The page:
UDI for Raspberry Pi GPIO

Raspberry Pi Logo.svg

The Raspberry Pi has quickly become a popular device used to prototype or become the core of an Internet of Things (IOT) component. Being a small, single board computing platform allows it to be used where conventional computers would either be too large or unable to withstand environmental forces. Yet, because it runs a variant of Linux, it is a fully functional general purpose computer.

Pi devices were designed to be modified and expanded. As such each model includes many I/O ports as well as a bank of pins called the General Purpose I/O pins or GPIO. These pins are addressable, can be configured for either input or output, and in some cases can even support serial communication. The most common use is reading and writing boolean values.

In this diagram of a Raspberry Pi 3, you can see the bank of 40 GPIO pins on the right hand side. Older models only include 26 pins, and some models arrange them differently to fit on the PCB.

The Challenge

There are many open source libraries for reading and writing GPIO pin statuses in many different languages and operating systems. But rapidly prototyping an IoT device comes with many other challenges. So our goal was to produce a driver for the OAS Platform to allow an OAS server to communicate with a Pi device and access GPIO data, all without an admin or end-user needing to write code for each deployment. In short, we wanted to create a driver that behaves like existing OAS native drivers and is configurable through the OAS Configuration tools.

The Universal Driver Interface

With the release of the OAS Universal Driver Interface (UDI) SDK, developers can now create their own custom device or data drivers which act like and live side-by-side with existing native drivers such as our Allen Bradley or Siemens PLC drivers. In addition, UDI implementations can be deployed at the data source and be configured to communicate with a remote OAS server. This ensures that the data is captured reliably from the data source and transmitted to OAS as long as a network connection can be established.

The technology that makes this possible is the .NET Core Framework, which can run on a Linux device.

The UDI for the Raspberry Pi GPIO acts as a conduit between the GPIO Data and OAS.

Remote Driver Hosting

Built-in or “native” OAS Platform drivers such as the Allen Bradley and Siemens PLC drivers are part of the OAS services that run on a Windows server. But since the UDI libraries are based on the .NET 2.0 Standard, UDI drivers can be compiled to execute on any environment that supports the .NET Core runtime. This means you can host a custom driver on a remote device or server such as a Raspberry Pi, thus making data capture more efficient and distributing the load of your solution.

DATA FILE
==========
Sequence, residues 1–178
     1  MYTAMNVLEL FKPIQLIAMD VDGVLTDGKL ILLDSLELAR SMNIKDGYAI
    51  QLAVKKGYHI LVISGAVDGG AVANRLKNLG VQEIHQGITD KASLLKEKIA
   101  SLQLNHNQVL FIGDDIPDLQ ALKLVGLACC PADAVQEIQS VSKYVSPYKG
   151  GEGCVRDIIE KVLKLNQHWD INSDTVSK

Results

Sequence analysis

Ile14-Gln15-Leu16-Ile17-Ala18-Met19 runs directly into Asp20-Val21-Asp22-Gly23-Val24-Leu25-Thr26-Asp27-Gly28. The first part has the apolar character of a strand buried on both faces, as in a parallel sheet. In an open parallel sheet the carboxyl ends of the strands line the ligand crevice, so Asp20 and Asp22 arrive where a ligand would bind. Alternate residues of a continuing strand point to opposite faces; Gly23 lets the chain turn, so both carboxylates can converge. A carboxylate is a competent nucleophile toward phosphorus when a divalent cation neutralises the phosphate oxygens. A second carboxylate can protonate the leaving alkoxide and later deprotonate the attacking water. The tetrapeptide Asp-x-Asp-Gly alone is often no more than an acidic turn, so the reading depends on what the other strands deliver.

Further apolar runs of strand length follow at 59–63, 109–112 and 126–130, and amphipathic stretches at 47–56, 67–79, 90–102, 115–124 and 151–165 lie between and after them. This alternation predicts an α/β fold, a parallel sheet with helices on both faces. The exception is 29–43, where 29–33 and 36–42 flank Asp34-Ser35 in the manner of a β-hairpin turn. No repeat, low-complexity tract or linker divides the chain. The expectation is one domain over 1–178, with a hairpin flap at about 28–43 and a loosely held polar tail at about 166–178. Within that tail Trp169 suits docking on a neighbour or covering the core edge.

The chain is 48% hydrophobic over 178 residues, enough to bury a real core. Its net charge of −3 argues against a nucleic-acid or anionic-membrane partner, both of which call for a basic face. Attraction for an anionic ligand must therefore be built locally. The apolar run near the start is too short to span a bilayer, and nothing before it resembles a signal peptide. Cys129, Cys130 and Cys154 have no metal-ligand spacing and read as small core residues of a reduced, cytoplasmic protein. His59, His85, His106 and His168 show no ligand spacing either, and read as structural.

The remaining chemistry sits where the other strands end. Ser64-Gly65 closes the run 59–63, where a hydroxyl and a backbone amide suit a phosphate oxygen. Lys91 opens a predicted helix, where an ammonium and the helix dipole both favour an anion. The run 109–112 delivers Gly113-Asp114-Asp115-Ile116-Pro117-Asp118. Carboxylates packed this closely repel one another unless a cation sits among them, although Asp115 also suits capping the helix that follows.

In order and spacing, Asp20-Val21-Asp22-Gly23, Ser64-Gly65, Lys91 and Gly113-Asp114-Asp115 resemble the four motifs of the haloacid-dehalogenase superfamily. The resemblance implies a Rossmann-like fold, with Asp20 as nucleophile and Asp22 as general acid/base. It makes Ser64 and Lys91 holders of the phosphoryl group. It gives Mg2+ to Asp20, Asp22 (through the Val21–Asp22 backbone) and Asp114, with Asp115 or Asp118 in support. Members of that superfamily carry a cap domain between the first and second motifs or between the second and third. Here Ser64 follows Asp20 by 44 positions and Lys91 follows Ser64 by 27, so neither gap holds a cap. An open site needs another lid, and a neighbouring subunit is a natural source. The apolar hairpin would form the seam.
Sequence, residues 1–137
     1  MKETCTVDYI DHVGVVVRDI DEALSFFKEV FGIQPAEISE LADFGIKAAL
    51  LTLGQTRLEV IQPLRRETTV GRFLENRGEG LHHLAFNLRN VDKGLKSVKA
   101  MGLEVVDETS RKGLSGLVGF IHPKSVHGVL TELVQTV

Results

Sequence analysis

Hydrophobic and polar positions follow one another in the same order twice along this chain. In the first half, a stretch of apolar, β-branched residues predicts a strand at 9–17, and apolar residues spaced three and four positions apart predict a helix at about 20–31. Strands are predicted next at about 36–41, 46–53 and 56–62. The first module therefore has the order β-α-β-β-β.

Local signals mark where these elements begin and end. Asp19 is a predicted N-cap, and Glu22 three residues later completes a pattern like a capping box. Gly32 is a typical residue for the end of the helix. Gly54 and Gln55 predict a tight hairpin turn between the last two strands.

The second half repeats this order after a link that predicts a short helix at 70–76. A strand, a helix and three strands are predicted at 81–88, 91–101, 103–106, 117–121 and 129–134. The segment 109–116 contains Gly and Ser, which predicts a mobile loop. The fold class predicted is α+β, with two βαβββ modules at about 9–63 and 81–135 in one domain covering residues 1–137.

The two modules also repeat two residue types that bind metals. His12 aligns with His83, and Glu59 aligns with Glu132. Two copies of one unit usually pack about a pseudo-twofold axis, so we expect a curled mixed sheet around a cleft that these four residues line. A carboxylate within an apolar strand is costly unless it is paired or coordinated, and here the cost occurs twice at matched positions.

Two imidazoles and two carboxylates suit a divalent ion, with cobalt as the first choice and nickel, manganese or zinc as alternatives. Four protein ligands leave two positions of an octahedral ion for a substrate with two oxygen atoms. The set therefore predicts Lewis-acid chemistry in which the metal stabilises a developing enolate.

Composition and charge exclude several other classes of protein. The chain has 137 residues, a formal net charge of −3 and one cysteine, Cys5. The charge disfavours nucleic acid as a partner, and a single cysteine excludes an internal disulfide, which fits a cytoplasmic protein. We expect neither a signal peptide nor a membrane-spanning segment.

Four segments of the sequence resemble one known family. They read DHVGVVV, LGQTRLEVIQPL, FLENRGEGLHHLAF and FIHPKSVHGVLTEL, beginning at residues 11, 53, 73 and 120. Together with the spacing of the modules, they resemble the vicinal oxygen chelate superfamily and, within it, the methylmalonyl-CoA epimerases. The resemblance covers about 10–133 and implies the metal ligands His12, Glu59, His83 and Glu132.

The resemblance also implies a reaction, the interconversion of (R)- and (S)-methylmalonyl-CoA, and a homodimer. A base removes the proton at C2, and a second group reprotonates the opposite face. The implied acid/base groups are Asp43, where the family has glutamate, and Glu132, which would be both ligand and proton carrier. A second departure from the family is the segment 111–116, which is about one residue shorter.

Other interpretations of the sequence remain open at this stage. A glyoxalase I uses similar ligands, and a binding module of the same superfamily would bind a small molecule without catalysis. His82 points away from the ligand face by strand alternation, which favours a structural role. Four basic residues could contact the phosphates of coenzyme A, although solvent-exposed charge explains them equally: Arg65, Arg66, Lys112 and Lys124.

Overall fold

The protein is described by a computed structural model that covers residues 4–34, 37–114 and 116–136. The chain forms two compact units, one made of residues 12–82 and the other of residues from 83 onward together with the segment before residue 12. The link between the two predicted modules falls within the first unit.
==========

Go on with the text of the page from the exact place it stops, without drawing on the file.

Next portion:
Tag Configuration

Another powerful feature of the UDI is the ability to define custom tag properties based on the driver. So when a Tag’s data source is selected as your UDI driver, your custom properties are displayed in the Tag configuration screen. In the case of the Pi GPIO UDI, we expose properties to control which GPIO Pin is mapped to a tag, and the data direction (input or output).

By changing the Pin Mode, this actually alters the Pin Mode within the the Pi device itself. Selecting the BCM Pin maps the Tag to the Pin using the BCM pin numbering scheme.

Output Pins: the tag value will be set to the pin value on the device

Input Pins: the tag value will be set to the current pin value on the device, and will also allow you to set the pin value on the device by setting the Tag to a boolean True or False.

Connection and Configuration on Startup

Each deployment of the Raspberry Pi UDI can be configured using an external file. This configuration file contains fields for uniquely identifying the device, as well as setting the remote OAS server address and port. When the driver spins up, it will make a network connection to the OAS server and begin transmitting data when an OAS Tag has been configured. Additionally, a UDI can be written to actually create and configure tags on a remote server, so that a deployment does not require any manual keying of Tag configuration fields, reducing errors and ensuring each follow on deployment can be completed with minimal effort.

The appsettings.json file:

ServiceNode: the remote OAS server address

PortNumber: OAS Server port

MachineName: the unique name for the device hosting the UDI Driver

Project Source Code

This UDI implementation for the Raspberry Pi is fully functional, but can be used as the basis of your own projects. Source code is available in C#, and requires the following:

  • MS Visual Studio 2017+
  • .NET Core 2.0+ Libraries

Download Project Source Code

For more information on the OAS Universal Driver Interface and how to develop your own, see the following articles: